Weiner-Dog(July 1) is a new film from the provocateur Todd Solondz, a loose follow-up of sorts to his cult classic Welcome to the Dollhouse starring Greta Gerwig and Julie Delpy. Captain Fantastic(July 8) offers a meaty role for Viggo Mortensen as an obsessive father of six children who deals with the culture shock of moving from a reclusive paradise to the real world. Café Society(July 15) looks like an airy period comedy set in ’30s Hollywood, but should attract more attention for the offscreen criticism of its director Woody Allen. Though he still attracts major actors like Jesse Eisenberg and Kristen Stewart, Allen is no longer the dominant face of independent American film he once was.
Don’t Think Twice(July 22), a smart, winsome comedy set in the vicious world of improv, is a worthy follow-up to Sleepwalk With Me by the director and stand-up comic extraordinaire Mike Birbiglia. Absolutely Fabulous(July 22) is a long-awaited film adaptation of the cult British sitcom with a fantastic log line: Patsy (Joanna Lumley) and Edina (Jennifer Saunders) find themselves at the center of a media firestorm when they accidentally kill Kate Moss. There’s even an offbeat animated entry: The R-rated Sausage Party (August 11), in which Seth Rogen, Kristen Wiig, Jonah Hill and others voice a bunch of foul-mouthed supermarket products who make a break for freedom.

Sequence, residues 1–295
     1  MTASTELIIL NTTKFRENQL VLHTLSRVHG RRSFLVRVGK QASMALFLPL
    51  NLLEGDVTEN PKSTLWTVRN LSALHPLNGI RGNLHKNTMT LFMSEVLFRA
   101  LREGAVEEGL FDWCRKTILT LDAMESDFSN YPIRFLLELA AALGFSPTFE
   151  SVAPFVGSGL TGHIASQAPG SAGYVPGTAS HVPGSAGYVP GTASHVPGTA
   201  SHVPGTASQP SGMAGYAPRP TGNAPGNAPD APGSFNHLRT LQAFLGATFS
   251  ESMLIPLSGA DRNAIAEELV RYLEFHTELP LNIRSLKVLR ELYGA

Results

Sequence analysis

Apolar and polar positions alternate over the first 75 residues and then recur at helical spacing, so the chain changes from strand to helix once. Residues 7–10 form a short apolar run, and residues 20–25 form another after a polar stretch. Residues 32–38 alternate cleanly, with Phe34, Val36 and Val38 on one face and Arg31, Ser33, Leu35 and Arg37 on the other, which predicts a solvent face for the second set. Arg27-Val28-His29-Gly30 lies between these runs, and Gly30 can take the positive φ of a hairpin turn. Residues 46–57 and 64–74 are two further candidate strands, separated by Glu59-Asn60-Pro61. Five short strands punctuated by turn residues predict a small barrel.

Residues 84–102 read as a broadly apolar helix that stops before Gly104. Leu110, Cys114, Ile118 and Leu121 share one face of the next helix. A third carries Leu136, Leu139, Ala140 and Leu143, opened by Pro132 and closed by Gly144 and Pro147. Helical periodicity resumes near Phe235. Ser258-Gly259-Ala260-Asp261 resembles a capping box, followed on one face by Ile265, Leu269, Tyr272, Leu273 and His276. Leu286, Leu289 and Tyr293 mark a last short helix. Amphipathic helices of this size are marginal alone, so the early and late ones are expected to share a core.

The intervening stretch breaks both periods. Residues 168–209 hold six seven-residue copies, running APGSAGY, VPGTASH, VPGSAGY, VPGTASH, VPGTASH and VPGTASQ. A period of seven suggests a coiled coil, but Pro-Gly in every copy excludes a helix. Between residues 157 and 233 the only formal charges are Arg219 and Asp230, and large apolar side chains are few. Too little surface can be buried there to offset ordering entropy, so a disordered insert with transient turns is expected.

There are some major Hollywood efforts to root for. Steven Spielberg’s The BFG(July 1) will bring Roald Dahl’s classic tale to the big screen with the help of cutting-edge technology. The film uses motion-capture effects to turn the Oscar-winner Mark Rylance into the Big Friendly Giant and was well-received at the Cannes Film Festival. The Secret Life of Pets(July 8) is an animated tale of talking cats and dogs that from the studio that brought us Minions, and could well be the family hit of the summer. Free State of Jones(June 24), from the Hunger Games director Gary Ross, dramatizes the life of the Civil War rebel Newton Knight (Matthew McConaughey), who rose up against the Confederacy in Mississippi. The Founder(August 5) is a biopic about a fascinatingly flawed man—Ray Kroc (Michael Keaton), who franchised the family burger joint McDonalds into the fast-food chain we recognize today—that will hopefully dig into some of his darker business practices. The film will also signal the start of a different Hollywood glut: As summer winds down and turns into Oscar season, a whole new year of studio pandering will begin.